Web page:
As the Brexit trigger was pulled, the reaction of many British expats was to stay on the sidelines, avoid committing to any major new purchases and take the view they wanted to ‘see what would happen to UK house prices’.
According to expat mortgage brokers Offshoreonline, however, an equal if not larger number of investors took the view that with sterling sliding up to 15% against the US dollar and therefore against any currency pegged to the US dollar, such as the currencies of the Middle and Far East, this was a once in a lifetime opportunity. Prices were effectively reduced by up to 15% for overseas UK buy-to -let investors.
How does this work? If the pound was trading at $1.46, as was the case in May 2016, and in March 2017 it is trading at $1.24, that is a 15% reduction. Put another way, an overseas holder of US dollars or any US dollar-linked currency now needs 15% less to buy the same amount of sterling to invest in UK buy-to-let property.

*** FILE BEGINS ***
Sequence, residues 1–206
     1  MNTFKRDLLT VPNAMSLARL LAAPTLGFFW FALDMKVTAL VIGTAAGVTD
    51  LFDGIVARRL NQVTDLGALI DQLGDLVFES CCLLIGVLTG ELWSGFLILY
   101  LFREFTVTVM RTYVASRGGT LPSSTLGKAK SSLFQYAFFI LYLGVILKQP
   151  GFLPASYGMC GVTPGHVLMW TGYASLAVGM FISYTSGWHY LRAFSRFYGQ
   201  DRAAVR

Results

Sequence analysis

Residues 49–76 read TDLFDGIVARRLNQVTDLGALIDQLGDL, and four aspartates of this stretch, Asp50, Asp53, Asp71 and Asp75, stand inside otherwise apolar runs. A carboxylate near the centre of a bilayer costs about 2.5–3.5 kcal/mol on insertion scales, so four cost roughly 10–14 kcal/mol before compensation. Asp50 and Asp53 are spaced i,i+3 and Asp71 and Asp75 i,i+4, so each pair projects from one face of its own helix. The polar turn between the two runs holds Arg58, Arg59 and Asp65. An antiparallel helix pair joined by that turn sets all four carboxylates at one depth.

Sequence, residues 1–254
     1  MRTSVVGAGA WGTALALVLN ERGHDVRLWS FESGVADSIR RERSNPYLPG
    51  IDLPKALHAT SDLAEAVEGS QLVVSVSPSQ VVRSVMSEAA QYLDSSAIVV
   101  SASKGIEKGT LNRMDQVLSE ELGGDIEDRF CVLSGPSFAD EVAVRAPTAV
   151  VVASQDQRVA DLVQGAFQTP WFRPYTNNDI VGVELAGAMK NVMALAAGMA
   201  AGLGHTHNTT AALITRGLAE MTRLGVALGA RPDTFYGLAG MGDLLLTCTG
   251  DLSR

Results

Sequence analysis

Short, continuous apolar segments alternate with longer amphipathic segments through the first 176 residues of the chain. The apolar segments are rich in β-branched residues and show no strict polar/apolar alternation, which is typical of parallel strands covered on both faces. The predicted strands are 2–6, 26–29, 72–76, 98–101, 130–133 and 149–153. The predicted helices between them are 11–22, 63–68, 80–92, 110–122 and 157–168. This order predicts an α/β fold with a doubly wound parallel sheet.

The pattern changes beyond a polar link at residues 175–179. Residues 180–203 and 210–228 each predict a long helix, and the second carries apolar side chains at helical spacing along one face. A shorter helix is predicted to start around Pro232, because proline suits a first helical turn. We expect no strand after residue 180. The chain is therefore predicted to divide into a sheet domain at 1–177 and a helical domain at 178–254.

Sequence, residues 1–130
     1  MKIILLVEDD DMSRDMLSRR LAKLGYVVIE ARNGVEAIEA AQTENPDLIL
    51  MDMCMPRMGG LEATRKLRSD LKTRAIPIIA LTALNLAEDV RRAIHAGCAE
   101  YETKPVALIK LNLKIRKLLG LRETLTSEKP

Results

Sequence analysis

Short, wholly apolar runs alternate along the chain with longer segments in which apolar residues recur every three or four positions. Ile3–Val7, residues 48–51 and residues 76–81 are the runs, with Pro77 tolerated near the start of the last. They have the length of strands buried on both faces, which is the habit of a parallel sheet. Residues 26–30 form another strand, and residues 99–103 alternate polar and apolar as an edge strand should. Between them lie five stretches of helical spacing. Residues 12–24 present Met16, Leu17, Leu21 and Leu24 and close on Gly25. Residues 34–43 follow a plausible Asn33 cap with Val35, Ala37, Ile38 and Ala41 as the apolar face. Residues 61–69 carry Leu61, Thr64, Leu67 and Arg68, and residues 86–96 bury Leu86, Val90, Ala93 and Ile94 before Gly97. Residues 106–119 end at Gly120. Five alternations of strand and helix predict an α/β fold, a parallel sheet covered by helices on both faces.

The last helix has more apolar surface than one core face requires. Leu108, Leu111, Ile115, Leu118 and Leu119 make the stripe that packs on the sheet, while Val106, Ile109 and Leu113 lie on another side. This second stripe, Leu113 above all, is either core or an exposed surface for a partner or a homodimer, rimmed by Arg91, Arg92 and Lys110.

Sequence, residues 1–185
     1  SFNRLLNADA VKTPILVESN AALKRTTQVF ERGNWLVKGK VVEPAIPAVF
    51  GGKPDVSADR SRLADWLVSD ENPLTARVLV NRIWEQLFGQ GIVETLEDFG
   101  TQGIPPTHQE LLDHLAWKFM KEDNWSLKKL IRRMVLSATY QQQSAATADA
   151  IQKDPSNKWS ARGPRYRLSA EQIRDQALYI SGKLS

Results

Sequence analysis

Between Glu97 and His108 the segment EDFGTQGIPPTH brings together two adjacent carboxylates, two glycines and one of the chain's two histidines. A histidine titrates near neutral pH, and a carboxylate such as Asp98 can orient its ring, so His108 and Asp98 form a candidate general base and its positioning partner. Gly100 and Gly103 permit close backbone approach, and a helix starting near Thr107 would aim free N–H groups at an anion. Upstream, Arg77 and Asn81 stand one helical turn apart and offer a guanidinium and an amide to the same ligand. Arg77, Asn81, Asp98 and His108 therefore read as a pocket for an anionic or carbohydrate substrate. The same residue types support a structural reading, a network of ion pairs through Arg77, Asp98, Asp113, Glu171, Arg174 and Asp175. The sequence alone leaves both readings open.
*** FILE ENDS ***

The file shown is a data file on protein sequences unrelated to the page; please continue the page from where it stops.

At the same time, the UK economy has continued to grow at rates which have surprised commentators and markets alike, suggesting domestic demand, for the moment at least, is still strong. Certainly the UK economy looks to be in better shape than many others, with UK house prices growing 6.2% in the year to January 2017 or 0.8% for the month, according to the UK Land Registry. Compare those figures to the returns available on sterling deposit accounts and other lower-risk investments and one can see why UK buy-to-let property may appear an attractive option.
Other headwinds include new UK buy-to-let rules introduced in January 2017 by the UK Financial Conduct Authority, which now oblige buy-to-let lenders to ‘stress test’ loans on the basis of higher notional interest rates. The net effect of this has been to drive down the amounts expat buy-to-let investors can borrow or to oblige them to increase deposit contributions to something between 25% and 35% of the purchase price, depending upon the type of property being bought.
That said, expat buy-to-let mortgage interest rates remain attractive, with UK expat mortgages such as lifetime trackers available from 2.49%.
The other change has been the number of lenders picking and choosing the countries where they want to lend to expats. The Middle and Far East both remain well served, as does Europe, but other areas, such as Australia and India are more problematic, but not impossible.